Knowledge Management for Educational Innovation: IFIP WG 3.7 7th Conference on Information Technology in Educational Management (ITEM), Hamamatsu, Japan, July 23-26, 2006

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Arthur Tatnall, Toshio Okamoto, Adrie Visscher
Springer US, Feb 12, 2010 - Education - 210 pages
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As the editors of this volume we are very happy to publish a selection of the papers that were presented at the seventh Conference of Working Group 3. 7 of the International Federation for Information Processing. The focus of Working Group 3. 7 is on ITEM: Information Technology in Educational Management (for more information, please visit http://item. wceruw. org/), and the theme of its 2006 conference was on Knowledge Management for Educational Innovation. The event took place in Hamamatsu (Japan) and enabled the exchange of findings and ideas between researchers in educational management and information technology, policy-makers in the field of education, developers of ITEM systems, and vendors. The overall goal of the conferences of Working Group 3. 7 is to demonstrate and explore directions for developing and improving all types of educational institutions through ITEM. Contributions tot the conference came from all over the world: Spain, India, Australia, New Zealand, Taiwan, Hungary, England, Germany, Botswana, Japan, Uganda, and The Netherlands, and the number of papers was large (over 30). All papers in this book have been peer reviewed. They were selected from those presented at the conference and the authors given an opportunity to improve them before publication. Contributions to the conference varied from innovative examples of how ITEM can support and improve educational practice at the level of instruction (e. g.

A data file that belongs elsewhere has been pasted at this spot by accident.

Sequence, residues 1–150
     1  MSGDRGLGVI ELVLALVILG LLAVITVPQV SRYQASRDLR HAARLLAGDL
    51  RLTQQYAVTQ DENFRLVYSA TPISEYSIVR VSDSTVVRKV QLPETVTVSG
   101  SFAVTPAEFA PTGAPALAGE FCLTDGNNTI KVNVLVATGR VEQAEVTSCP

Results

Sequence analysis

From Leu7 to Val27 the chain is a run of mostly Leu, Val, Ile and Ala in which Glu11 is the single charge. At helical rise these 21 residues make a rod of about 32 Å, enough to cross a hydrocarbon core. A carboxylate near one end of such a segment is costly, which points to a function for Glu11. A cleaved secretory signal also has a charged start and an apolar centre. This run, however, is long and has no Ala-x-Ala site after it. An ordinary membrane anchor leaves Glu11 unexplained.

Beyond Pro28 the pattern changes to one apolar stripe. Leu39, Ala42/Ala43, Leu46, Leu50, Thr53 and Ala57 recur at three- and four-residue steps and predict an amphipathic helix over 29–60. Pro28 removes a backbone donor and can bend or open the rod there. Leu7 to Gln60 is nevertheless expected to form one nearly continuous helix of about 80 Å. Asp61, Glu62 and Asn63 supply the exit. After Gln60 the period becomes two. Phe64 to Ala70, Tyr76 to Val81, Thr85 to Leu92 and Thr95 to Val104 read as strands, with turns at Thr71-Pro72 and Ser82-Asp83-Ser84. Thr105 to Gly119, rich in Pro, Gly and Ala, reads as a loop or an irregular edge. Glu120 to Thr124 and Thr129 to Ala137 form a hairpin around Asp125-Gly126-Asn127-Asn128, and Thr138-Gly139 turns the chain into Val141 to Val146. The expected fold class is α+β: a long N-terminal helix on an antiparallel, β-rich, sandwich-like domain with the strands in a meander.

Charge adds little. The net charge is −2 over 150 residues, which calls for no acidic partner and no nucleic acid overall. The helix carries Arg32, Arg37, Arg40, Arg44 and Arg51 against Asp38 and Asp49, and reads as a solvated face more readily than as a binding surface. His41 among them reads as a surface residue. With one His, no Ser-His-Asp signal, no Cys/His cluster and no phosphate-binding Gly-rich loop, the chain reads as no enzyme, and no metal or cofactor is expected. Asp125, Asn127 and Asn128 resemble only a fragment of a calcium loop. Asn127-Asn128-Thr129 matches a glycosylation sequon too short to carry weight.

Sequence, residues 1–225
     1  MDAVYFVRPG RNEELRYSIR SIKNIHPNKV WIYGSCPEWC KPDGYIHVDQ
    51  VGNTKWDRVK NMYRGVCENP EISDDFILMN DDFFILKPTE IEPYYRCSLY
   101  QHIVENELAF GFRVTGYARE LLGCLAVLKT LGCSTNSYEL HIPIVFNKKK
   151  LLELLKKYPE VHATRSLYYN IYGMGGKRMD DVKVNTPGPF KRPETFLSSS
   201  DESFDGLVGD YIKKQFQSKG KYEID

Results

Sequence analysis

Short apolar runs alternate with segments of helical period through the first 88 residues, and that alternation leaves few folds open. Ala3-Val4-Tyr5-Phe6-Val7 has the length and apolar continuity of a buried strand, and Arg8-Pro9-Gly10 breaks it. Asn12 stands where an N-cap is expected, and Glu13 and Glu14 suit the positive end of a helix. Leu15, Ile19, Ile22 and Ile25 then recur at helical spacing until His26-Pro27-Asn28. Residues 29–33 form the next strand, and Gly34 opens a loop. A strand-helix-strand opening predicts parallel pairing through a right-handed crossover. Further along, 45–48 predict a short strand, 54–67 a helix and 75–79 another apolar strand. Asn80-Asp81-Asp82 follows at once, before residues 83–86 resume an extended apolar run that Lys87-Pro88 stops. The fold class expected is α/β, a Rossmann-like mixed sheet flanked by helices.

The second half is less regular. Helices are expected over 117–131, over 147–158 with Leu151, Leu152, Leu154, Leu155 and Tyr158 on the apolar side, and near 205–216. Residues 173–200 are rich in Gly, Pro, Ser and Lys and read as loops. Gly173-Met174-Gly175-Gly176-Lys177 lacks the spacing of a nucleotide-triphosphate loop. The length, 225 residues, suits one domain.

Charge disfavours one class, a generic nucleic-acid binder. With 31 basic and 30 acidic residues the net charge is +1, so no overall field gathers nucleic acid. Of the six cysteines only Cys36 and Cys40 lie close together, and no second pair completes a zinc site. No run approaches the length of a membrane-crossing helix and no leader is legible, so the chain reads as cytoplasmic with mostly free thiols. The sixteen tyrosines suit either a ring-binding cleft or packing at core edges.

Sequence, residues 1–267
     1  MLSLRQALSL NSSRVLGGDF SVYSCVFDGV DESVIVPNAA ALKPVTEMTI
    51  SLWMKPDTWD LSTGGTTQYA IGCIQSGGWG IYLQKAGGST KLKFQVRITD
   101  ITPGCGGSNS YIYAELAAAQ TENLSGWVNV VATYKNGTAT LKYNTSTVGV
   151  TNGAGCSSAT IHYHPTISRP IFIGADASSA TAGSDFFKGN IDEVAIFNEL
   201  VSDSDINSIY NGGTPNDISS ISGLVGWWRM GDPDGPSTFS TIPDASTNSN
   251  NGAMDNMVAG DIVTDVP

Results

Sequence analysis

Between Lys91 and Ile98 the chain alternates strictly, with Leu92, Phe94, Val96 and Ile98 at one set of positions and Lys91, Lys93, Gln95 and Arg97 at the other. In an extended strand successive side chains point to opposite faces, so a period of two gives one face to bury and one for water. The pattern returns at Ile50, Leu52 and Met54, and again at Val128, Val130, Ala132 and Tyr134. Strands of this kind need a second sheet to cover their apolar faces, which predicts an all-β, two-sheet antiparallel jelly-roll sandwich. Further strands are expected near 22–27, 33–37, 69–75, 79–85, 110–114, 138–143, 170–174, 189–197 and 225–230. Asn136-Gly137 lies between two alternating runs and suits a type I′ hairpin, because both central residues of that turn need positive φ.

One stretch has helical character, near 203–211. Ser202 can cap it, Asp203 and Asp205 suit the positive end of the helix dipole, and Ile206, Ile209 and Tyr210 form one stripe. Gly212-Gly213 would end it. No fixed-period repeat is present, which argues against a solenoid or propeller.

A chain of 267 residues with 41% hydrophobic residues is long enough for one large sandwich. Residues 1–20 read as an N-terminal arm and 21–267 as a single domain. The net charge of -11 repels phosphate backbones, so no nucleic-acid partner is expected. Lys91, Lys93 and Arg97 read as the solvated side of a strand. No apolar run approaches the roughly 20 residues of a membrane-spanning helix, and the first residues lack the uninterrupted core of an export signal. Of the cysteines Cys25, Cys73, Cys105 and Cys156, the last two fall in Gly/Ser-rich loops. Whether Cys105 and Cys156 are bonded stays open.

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About the author (2010)

Dr Arthur Tatnall is Associate Professor in the Victoria Graduate School of Business at Victoria University, Melbourne, Australia. He holds bachelors degrees in science and education from the University of Melbourne, a Graduate Diploma in Computer Science from Latrobe University, and a research Master of Arts from Deakin University in which he explored the origins of business computing education in Australian universities. His PhD, from Central Queensland University, involved a study in curriculum innovation in which he investigated the manner in which Visual Basic entered the curriculum of an Australian university. His research interests include technological innovation, information technology in educational management, information systems curriculum, project management and electronic commerce. He is a member of two IFIP working groups (WG3.4 and WG3.7), has written several books relating to information systems and published a number of book chapters, journal articles and conference papers. He recently chaired the 13th Australasian Information Systems Conference and will chair an IFIP working conference in Melbourne in 2004.

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